Type casting is a really easy and convenient way to check the type of an instance or to convert its type to another type.
One of the operations we sometimes perform when dealing with collections is to convert it into a collection of something else. We accomplish this by using the
However, sometimes there is a relationship between the types and therefore we can skip the
map and use a cast (
Many people think of casting as a compile-time operation or something that happens within the type system and therefore has zero cost. However, that is not true, at least when it comes to casting collections.
To understand why, let’s use the above example and go deeper.
The size of an array’s buffer is at least
MemoryLayout<T>.stride * N where
T is the type of the element stored in the array and
N is the number of elements stored in the array.
(and if you’re wondering why
stride is used, instead of
size, here’s a hint: alignment)
In our earlier example, we initially had an array of
IntBox with three elements in it. Thus, the size of the buffer was 24 bytes.
But, when we upcasted it to an array of
Boxable, something different happened. Yes, we went from an array of
IntBox to an array of
Boxable. But also, we went through a change in memory representation.
The size of the existing buffer was 24 bytes, however we can’t fit three
Boxable existential containers in it, because it needs a buffer that is 5 times larger.
This means we can’t just simply copy the buffer and convert each element from one type to another. So, how are we able to cast an
[IntBox] to a
Well, by creating a brand new array of course! Yes, what’s really going on is the runtime is effectively creating a brand new array and “mapping” each element from one type to the other. So, whenever you’re casting a collection, what you’re really doing (or rather, what the runtime is doing) is effectively a
map. Yes, very subtle.
It’s even more subtle when the explicit casting is not required:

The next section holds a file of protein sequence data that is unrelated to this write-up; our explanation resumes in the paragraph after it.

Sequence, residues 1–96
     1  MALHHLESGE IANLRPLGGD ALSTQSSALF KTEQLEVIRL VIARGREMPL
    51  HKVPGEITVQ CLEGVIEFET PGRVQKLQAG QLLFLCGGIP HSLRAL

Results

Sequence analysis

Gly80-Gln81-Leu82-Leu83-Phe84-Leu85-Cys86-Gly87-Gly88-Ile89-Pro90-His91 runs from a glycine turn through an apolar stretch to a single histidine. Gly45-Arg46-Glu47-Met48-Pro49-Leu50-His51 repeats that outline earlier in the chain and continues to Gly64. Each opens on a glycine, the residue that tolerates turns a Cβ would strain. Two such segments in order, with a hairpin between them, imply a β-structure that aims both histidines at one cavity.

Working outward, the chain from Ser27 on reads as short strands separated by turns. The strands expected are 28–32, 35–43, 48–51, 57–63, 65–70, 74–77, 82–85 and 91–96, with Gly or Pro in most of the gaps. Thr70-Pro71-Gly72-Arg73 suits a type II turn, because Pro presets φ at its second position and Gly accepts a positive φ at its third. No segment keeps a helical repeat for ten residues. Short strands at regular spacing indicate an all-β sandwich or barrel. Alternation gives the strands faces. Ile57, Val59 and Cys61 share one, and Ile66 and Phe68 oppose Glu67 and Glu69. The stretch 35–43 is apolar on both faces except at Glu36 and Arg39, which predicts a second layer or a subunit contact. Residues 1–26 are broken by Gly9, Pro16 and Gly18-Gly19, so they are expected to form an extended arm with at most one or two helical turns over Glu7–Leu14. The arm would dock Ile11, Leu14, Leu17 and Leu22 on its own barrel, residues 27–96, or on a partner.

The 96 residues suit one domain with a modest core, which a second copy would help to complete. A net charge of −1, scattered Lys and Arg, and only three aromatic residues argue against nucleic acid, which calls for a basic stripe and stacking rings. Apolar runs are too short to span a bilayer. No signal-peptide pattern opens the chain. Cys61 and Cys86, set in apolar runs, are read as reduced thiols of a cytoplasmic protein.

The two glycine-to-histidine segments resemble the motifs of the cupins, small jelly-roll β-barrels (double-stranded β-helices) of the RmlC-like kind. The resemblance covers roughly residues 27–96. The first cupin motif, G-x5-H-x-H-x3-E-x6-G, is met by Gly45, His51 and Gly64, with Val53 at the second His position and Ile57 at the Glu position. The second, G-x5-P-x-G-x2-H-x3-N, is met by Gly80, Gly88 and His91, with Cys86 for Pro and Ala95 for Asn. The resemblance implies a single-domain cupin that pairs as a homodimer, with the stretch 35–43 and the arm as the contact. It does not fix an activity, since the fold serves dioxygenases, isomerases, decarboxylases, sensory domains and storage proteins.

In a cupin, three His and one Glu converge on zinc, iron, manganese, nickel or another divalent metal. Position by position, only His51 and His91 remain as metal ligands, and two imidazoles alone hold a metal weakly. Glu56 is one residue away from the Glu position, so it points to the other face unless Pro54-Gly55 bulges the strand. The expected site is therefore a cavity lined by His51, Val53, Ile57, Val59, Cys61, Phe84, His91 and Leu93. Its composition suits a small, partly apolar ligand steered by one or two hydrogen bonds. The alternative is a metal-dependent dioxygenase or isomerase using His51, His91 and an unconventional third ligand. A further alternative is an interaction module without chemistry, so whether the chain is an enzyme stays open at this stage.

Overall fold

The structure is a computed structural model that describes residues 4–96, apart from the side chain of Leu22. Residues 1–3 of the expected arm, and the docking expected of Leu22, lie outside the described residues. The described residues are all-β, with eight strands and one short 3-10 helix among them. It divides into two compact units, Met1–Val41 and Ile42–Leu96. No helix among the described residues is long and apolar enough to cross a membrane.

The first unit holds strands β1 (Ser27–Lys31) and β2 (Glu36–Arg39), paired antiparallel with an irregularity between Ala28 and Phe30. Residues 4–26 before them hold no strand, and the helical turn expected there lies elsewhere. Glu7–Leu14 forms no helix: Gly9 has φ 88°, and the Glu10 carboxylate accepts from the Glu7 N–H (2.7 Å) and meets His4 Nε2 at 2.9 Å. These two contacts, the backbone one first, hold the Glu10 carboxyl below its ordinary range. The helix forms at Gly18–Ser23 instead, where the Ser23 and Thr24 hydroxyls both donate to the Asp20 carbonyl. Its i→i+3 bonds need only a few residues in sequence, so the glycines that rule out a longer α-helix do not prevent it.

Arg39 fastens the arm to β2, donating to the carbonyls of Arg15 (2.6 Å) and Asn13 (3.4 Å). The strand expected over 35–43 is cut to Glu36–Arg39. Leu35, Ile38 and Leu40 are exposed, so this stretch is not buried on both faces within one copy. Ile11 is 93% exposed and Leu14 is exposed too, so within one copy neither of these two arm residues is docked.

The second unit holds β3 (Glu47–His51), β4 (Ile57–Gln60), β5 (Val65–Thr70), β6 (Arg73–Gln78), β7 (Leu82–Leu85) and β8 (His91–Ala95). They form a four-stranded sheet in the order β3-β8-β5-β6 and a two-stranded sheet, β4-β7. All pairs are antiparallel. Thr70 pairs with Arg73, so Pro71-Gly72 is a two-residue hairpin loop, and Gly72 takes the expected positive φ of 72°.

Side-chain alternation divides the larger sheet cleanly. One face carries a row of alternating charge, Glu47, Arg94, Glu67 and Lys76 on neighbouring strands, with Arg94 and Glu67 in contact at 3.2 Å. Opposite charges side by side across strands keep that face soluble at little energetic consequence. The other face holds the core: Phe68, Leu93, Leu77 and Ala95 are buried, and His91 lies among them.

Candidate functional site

Here’s a very simple benchmark that demonstrates the cost of casting a collection (using the same code as the example):
As you can see, a cast has pretty much the same performance impact as a map.
Now, you might be wondering, what if the size of the existing buffer is much larger? Well, it doesn’t matter. Whether you’re upcasting or downcasting (regardless of the size of the existing buffer), either of those operations would result in a runtime call to either forcefully or conditionally perform the cast and you will have to pay the price, because both operations [effectively] result in a map.
Okay, so why is this important to know? Well, most people don’t actually realise that casting a collection can change the performance characteristics of the code. There is an expectation that this kind of covariance would JustWork™ (without any gotchas), however that’s not really the case because it’s not a free conversion.
Unfortunately, there’s nothing we can do about it. However, when performing casting like this, it might be better to be explicit and use a
map instead (or leave a comment about this implicit behaviour). This can be helpful when you’re working with performance sensitive code or collections with large number of elements (or both), so you can make the performance characteristics of your code more obvious to the person reading it.
In summary, casting a collection is just a simpler way of calling
map. It’s not free, because it's a linear operation.
If you want to learn how to write efficient Swift code that works with collections, I highly recommend buying the “Optimizing Collections” book, written by Károly Lőrentey, who works on the Swift Standard Library team.